Good Cop / Bad Cop in Britain’s Coalition

The power-sharing that goes on between Number Ten and the Treasury is now working in the interests of both, to a much greater degree than it did under Blair. The split is actually Humean to the core. Clegg and Cameron represent fairness, decency and the common good; Osborne represents objectivity, facts and economics. The former want a better world, but know little of its reality. The latter knows about its reality, but doesn’t care what happens to it. Osborne unleashes trolleys down hills, while the rest – and the Lib Dems in particular – are tasked with pulling leavers, pushing fat people off bridges and diving in front of the odd trolley themselves, all in the hope that this minimises the suffering.

Read the rest.

Categories: Politics, United Kingdom Tags:

Yeah, Asia is pushing closer to the West

Western officials should have realised this Summit would be different when they arrived in Seoul to find their phones and blackberrys didn’t work. The problem was that Korea’s nationwide 4G network was too advanced. On early negotiating missions, key UK officials found themselves communicating with London via gmail, on rented phones.

That was never a problem in Pittsburgh, or Toronto. But as George Osborne liked to point out, this was the first G20 Summit not hosted by a G8 country – and, he might have added, the first where G8 countries didn’t call the tune.

Read more here.

Why are they doing so well? The major reason is the amount of investment they do. As an example, see Tom Friedman’s NYT oped:

China is doing moon shots. Yes, that’s plural. When I say “moon shots” I mean big, multibillion-dollar, 25-year-horizon, game-changing investments. China has at least four going now: one is building a network of ultramodern airports; another is building a web of high-speed trains connecting major cities; a third is in bioscience, where the Beijing Genomics Institute this year ordered 128 DNA sequencers — from America — giving China the largest number in the world in one institute to launch its own stem cell/genetic engineering industry; and, finally, Beijing just announced that it was providing $15 billion in seed money for the country’s leading auto and battery companies to create an electric car industry, starting in 20 pilot cities. In essence, China Inc. just named its dream team of 16-state-owned enterprises to move China off oil and into the next industrial growth engine: electric cars.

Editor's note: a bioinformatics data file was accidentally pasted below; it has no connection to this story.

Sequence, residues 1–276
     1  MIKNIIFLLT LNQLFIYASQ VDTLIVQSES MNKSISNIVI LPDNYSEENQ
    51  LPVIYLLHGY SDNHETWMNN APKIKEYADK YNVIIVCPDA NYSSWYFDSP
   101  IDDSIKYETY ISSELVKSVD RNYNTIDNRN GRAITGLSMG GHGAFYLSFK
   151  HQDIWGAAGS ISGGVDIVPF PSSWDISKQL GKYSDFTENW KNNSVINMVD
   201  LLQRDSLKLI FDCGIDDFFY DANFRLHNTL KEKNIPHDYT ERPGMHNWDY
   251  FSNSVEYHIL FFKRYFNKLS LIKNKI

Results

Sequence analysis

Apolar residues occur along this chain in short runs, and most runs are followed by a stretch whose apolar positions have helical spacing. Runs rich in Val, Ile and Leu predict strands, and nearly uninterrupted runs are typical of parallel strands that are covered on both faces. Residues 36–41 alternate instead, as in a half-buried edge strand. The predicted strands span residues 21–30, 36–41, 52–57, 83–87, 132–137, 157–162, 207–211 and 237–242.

You never hear about these types of investments in the western world, which suggests we need to increase the aid our governments give to investing companies AND make it worth their while to switch to new products and methods of production.

Categories: Economics Tags: ,

The problem with industrial policy

Modeled Behavior:

Many will point out that we are already involved in industrial policy in the energy sector, it’s just that our industrial policy favors dirty energy. The important thing is, Matt Yglesias tweeted yesterday, “that we have bad industrial policy now and should make it explicit and improve it”. I can agree with this sentiment, but I would modify it to say this: we have bad industrial policy now, and we should prove we can fix the existing problems before expanding it’s scope and aim. Now there is a lot of overlap between these two notions, and a fair bit of semantics, but there is at least one crucial difference: I’m arguing if we don’t have good reason to believe we can fix some of the current systematic problems, then just killing bad industrial policy is greatly preferable to attempting to build good industrial policy.

The problems our current industrial energy policy is that it doesn’t have, in fact doesn’t allow, the characteristics that we want of a healthy dynamic industry. In order for industrial policy to work in the long-run it needs to be able to allow subsidies to cease for products, companies, and even industries that become outdated. This means it has to be effective at identifying these industries, and capable of cutting off life-support.  This is what the creative destruction of capitalism provides, and our current policies do not.

I agree with Matt that dirty technologies like coal and oil shouldn’t be given preferential treatment over clean ones like they currently are. Nor should ethanol, our largest attempt at a green industrial energy policy that almost everyone recognizes does not pass cost benefit. Yet if we can’t wind down the inefficient, environmentally devastating subsidies to these industries, why should we believe that the government will ever be able to hit undo if they accidently pick the wrong “winner” this time around, or if today’s “winner” becomes tomorrow’s “loser”?